Rapid Recap: Jaylen Brown's dinosaur-hunting comeback fuels Celtics' Game 5 blowout of Raptors

Rapid Recap: Jaylen Brown's dinosaur-hunting comeback fuels Celtics' Game 5 blowout of Raptors

Celtics

Rapid Recap: Jaylen Brown's dinosaur-hunting comeback fuels Celtics' Game 5 blowout of Raptors

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Rapid Recap is designed for the busiest of Celtics fans. Whether you can’t stay awake to read 10 paragraphs or your hangover is just too much, Rapid Recap tells the timeline of the game in only a minute or two.

In the wake of an unpredictable, almost impossible Game 3 loss and an…absolutely infuriating turnover- and missed-shot-laden defeat in Game 4, it was high time for the Celtics to regain the mantle of intensity from Game 1 (and substantial portions of Games 2 and 3). They did that, and then some, in a ferocious 111-89 beatdown that often had the teams separated by far more than 22 points—it reached as high as 30.

Jaylen Brown’s furious effort (27-6 plus 3 steals) in the wake of a lackluster Game 4 led all scorers, but five other Celtics also scored in double figures: Kemba Walker (21-4-7 plus a block), Jayson Tatum (18-10-4-1-1), Daniel Theis (15-8-1 plus 2 blocks; a clear Jam Packard tribute) Brad Wanamaker (15-3-2 plus a steal) and Marcus Smart (12-7-6 plus a block). Nothing but end-to-end dominance for the Cs on both sides of the ball.

Now, a non sequitur before our Twitter-centric rundown of events:

Apologies for the toiletmouth but this, and the following tweet, seemed appropriate after Jaylen’s rough outing last game:

He did indeed, with a smooth-motion triple off the dribble. The Celtics in general looked much better to start this game than they had last time around, on both ends of the floor and especially in transition. (Which is good, because it means beating the Raptors at their own game.)

Honestly, the worst thing I think I could say about the Celtics Q1 performance is they still aren’t guarding OG Anunoby for reasons I can’t imagine. But whatever—they ended the frame with a strong 25-11 lead.

That was indeed the problem for Toronto through much of the first half. Although their offense picked up a tad early in Q2, it didn’t last under the clamps of Boston’s defense. They were stealing everything they could, crowding the three-point line and painted area alike.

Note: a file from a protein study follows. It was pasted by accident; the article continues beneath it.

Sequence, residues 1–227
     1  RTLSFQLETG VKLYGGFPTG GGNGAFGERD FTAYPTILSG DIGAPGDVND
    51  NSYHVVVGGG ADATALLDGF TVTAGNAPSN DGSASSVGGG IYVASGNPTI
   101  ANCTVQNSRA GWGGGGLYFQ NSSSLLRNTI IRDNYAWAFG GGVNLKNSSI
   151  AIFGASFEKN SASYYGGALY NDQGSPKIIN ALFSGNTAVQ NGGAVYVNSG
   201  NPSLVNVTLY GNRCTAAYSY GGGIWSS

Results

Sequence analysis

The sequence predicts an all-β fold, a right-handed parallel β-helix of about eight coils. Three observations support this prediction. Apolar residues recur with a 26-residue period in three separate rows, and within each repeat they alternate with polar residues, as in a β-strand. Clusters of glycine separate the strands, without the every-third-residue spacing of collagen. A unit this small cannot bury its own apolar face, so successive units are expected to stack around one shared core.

Offensively, Boston wouldn’t relent, forcing dumb fouls out of Toronto (which got the Celtics into the bonus at around 5:30 of Q2), scoring from every area of the court and generally making the reigning champs’ own justly vaunted defense look either flabbergasted or frustrated the whole rest of the half.

Just truly dominant stuff.

And just to really rub it in, Kemba beat the buzzer once again in the most excellently rude way possible:

It wasn’t a big surprise that the Raptors came out with greater verve to start Q3, with Siakam going on a solo 8-point run and VanVleet finally getting a few shots to fall. And the Celtics didn’t handle it well right away—but they quickly regrouped and kept their massive lead from being cut down much. In many ways they were coasting, and it didn’t matter.

Although Brad Stevens still had various combinations of Brown, Tatum and Walker in the game during the 4th, most everyone was pretty sure this game was wrapped up.

Yeah, I don’t remember the other broadcaster’s name and I frankly am unlikely to look it up. This game, with 6:17 on the clock, had the Celtics up 95-73 and in the bonus. Not even the mild coasting was likely to majorly impugn the lead: Toronto’s bench, while deep, is also full of guys who will make dumb fouls and other foolish decisions (Chris Boucher’s goaltend on Theis, Rondae Hollis-Jefferson’s clumsy reach-in against Kemba, etc). The early damage was simply far too much for the Raptors to overcome.

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